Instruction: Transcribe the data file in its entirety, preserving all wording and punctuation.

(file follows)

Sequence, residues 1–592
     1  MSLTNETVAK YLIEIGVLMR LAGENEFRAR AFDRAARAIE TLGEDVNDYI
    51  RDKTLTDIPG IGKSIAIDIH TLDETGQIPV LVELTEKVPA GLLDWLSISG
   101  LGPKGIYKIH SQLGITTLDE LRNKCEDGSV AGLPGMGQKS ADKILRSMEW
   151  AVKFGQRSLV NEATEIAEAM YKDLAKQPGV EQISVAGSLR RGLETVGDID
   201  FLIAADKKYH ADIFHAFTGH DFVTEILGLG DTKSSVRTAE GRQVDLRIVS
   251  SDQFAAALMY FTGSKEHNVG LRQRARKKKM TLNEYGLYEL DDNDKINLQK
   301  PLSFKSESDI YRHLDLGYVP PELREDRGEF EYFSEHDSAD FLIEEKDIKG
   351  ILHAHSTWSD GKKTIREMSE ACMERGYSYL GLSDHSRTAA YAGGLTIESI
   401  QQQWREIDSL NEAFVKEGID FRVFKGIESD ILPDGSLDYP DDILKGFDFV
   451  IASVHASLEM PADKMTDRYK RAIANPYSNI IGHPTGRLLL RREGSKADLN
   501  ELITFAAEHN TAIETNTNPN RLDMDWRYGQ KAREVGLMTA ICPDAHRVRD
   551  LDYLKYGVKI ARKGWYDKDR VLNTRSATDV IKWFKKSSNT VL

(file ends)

Sequence, residues 1–592
     1  MSLTNETVAK YLIEIGVLMR LAGENEFRAR AFDRAARAIE TLGEDVNDYI
    51  RDKTLTDIPG IGKSIAIDIH TLDETGQIPV LVELTEKVPA GLLDWLSISG
   101  LGPKGIYKIH SQLGITTLDE LRNKCEDGSV AGLPGMGQKS ADKILRSMEW
   151  AVKFGQRSLV NEATEIAEAM YKDLAKQPGV EQISVAGSLR RGLETVGDID
   201  FLIAADKKYH ADIFHAFTGH DFVTEILGLG DTKSSVRTAE GRQVDLRIVS
   251  SDQFAAALMY FTGSKEHNVG LRQRARKKKM TLNEYGLYEL DDNDKINLQK
   301  PLSFKSESDI YRHLDLGYVP PELREDRGEF EYFSEHDSAD FLIEEKDIKG
   351  ILHAHSTWSD GKKTIREMSE ACMERGYSYL GLSDHSRTAA YAGGLTIESI
   401  QQQWREIDSL NEAFVKEGID FRVFKGIESD ILPDGSLDYP DDILKGFDFV
   451  IASVHASLEM PADKMTDRYK RAIANPYSNI IGHPTGRLLL RREGSKADLN
   501  ELITFAAEHN TAIETNTNPN RLDMDWRYGQ KAREVGLMTA ICPDAHRVRD
   551  LDYLKYGVKI ARKGWYDKDR VLNTRSATDV IKWFKKSSNT VL